Several months ago, I posted some thoughts about the importance of creating better problems for our kids to solve. Basically I asked:
“If a kid can Google whatever you’re asking, what value are you bringing to the process? If they can ask Siri the answers that are on your test, why do they need you?”
The value we bring is a deep understanding of not just the content but the process needed to understand and apply that content. And the ability to create authentic and engaging questions that lead your kids into that content and process.
In the earlier post, I listed a few suggestions about what those sorts of questions might look like. I called them “un-Googleable” questions, the kinds of questions that Siri can’t really answer: Read more
Google just keeps coming up with more cool stuff. And for all you map nerds, and history teachers, their new Maps Gallery is just the ticket.
Maps Gallery works like an interactive, digital atlas that lets you search for and find powerful, compelling maps. It’s much like the Gallery of tours you can find via the Google Earth tool. One of the biggest differences is that the Google Maps Gallery contains maps created by a variety of organizations, both public and private, and so you can find all sorts of maps, many mostly inaccessible to the public before now. Read more
The Google StreetView cars have mapped over six million miles of road around the world. And depending on your perspective, that’s either a ton (240 times around the equator) or barely getting started (just a tenth of the world’s possible 60 million miles of road.)
An article in a recent New York Time Magazine shared this information along with an interesting commentary on the state of digital maps. Adam Fisher, the article’s author, claims that over 20 percent of searches made using Google are “where” related and growing. It’s no longer just a matter of searching for the “what” – it’s becoming increasingly important to know the where. The StreetView cars, and the data they collect, are the new Google Search.
And it’s not just where. It’s something called “location-awareness,” the sort of geographical information that our phones and other mobile devices already require in order to function.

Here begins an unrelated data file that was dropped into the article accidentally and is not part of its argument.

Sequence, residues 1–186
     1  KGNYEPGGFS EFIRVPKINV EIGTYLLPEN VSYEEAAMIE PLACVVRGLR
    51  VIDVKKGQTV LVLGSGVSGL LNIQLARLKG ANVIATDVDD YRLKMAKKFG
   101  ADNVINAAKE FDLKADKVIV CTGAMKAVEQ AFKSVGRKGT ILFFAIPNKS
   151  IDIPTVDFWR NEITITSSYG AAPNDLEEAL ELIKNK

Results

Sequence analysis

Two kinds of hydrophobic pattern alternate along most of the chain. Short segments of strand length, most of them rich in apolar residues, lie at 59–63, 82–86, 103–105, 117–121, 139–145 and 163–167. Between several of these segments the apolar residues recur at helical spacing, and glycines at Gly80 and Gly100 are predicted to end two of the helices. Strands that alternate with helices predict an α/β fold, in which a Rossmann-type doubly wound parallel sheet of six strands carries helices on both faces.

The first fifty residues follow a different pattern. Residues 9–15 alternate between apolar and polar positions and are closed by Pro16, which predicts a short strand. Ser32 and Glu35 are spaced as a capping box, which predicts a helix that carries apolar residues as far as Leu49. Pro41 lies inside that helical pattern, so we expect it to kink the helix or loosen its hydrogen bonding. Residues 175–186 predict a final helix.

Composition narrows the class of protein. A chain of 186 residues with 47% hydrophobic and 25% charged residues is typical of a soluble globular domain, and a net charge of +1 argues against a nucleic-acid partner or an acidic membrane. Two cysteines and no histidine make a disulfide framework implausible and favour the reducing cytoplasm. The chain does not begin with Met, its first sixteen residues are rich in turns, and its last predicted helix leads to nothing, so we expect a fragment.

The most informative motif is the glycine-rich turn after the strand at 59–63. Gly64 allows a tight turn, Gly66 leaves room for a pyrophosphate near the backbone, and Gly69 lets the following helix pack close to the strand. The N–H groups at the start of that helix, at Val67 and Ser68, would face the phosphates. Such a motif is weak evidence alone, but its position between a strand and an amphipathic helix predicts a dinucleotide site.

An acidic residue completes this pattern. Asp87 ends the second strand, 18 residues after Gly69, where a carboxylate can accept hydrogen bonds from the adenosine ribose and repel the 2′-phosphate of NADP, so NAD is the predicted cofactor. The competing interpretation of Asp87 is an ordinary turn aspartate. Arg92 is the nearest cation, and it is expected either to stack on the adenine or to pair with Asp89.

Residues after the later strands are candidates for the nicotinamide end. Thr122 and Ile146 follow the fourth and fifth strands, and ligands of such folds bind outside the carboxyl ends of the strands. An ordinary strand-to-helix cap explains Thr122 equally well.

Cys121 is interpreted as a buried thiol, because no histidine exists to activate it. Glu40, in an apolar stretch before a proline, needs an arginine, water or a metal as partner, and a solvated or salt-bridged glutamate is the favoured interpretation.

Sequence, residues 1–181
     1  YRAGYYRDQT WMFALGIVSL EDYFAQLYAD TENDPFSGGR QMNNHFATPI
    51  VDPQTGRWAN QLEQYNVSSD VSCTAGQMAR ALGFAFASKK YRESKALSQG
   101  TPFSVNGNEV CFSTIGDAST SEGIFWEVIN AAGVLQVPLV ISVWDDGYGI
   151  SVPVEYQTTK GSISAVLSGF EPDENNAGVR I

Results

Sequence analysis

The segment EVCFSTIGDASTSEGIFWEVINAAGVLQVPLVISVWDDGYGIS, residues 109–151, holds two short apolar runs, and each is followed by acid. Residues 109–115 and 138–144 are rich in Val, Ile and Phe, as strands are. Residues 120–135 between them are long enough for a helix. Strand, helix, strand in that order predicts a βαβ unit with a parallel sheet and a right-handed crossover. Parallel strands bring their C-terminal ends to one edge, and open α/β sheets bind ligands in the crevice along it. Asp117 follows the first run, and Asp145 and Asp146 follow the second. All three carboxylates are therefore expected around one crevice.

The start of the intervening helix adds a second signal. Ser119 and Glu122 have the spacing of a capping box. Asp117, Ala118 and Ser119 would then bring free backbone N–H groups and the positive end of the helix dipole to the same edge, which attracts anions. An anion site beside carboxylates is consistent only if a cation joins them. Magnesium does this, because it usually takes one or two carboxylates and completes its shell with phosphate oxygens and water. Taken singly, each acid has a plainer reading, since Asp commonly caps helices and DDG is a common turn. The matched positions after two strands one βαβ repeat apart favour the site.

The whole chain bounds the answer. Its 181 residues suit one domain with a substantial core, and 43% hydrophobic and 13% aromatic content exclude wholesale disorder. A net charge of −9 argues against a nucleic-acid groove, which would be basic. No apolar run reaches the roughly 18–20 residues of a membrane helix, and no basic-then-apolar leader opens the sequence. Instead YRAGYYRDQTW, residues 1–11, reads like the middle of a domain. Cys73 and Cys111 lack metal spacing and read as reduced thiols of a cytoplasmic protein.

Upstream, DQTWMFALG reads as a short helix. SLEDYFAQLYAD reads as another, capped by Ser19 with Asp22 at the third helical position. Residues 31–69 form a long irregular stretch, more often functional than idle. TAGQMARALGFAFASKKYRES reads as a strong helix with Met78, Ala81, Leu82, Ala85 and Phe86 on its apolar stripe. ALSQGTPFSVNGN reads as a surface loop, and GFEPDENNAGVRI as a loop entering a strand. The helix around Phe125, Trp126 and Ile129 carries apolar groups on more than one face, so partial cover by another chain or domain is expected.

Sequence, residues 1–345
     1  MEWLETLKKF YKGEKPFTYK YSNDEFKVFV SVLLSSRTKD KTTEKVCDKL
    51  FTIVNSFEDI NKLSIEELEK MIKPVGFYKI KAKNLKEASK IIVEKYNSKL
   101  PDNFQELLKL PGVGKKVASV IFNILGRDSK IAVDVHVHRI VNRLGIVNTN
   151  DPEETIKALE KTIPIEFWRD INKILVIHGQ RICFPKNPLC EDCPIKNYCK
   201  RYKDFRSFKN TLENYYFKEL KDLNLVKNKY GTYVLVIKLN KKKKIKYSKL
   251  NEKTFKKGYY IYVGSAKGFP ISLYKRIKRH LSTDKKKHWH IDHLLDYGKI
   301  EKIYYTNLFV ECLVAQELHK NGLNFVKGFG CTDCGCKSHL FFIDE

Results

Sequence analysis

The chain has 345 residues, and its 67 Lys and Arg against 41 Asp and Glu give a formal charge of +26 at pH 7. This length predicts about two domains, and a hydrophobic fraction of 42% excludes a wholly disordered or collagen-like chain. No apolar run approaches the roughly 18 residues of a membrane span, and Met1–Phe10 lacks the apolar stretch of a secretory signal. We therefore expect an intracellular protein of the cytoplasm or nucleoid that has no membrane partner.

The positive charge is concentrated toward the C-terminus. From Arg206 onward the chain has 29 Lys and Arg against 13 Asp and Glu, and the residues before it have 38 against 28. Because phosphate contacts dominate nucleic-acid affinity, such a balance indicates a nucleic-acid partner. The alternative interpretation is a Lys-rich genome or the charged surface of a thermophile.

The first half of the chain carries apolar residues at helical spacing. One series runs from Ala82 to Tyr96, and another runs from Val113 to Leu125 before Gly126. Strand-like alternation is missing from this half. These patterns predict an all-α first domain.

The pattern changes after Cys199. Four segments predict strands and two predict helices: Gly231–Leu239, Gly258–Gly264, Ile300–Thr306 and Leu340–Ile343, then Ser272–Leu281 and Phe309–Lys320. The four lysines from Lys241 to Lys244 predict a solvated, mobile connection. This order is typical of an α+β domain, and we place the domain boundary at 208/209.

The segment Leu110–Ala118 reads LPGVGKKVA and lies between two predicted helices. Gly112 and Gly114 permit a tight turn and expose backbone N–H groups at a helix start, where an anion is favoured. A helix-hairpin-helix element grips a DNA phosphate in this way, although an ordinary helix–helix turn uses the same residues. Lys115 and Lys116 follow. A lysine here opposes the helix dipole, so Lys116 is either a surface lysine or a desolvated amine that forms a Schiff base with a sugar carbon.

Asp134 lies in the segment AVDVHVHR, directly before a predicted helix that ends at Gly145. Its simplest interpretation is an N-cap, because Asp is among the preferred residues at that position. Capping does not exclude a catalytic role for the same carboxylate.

In the future, such location-awareness will be built into more than just phones. All of our stuff will know where it is — and that awareness will imbue the real world with some of the power of the virtual. Your house keys will tell you that they’re still on your desk at work. Your tools will remind you that they were lent to a friend. And your car will be able to drive itself on an errand to retrieve both your keys and your tools.
While it’s not exactly clear how or when we’ll get from what we have now to that sort of future, one thing is clear: Read more
Leap tall buildings. Outrun speeding locomotives. Stop bullets. Save the world.
Okay. Perhaps a bit of exaggeration. While Google can do a lot of stuff, I’m not sure that even the folks at the Googleplex can save the world. But they do have some very cool tools. And until recently, a lot of them didn’t live in the Mac/Apple world.
They lived in the Google Web Store, on the Chrome browser in the PC/Windows world. That’s changed. Mac users can now access the apps and extensions in the Web Store for use on the Chrome browser running on Apple devices.
And my world has gotten better and worse. I’ve been a Firefox browser for years. I did dip my toes in the waters of the Apple Safari option a few years ago and found it clunky. I also tried Chrome and liked it. But Firefox had so many more working add-ons and extensions. So I’ve stayed in my Firefox rut.
With the Google Web Store open to me now, I’m rethinking my options. Safari is also much better now – adding a third option to the love triangle that is my browser decision. So . . . more choices about where I spend my time online. That’s the better part. The worse part is deciding on one.
I’m leaning Chrome.
So today a quick list of Chrome apps that can make you smarter, faster, and stronger. And for you Internet Explorer folks out there in the PC/Windows world, you might want to slip over to Chrome and give it a try. Read more
Google probably doesn’t need my help selling any of its products. But I usually end up sounding like an intern from the marketing department at least once a week. I love their stuff.
I especially love Google Earth.
And the more I travel around, the more I discover that many social studies teachers are not fully aware of the different ways Google Earth can save their bacon. As in, engaging and useful teaching strategies that are aligned to Common Core Literacy and College, Career, and Civic Life standards.
So today? Five awesome ways to use Google Earth in your classroom: Read more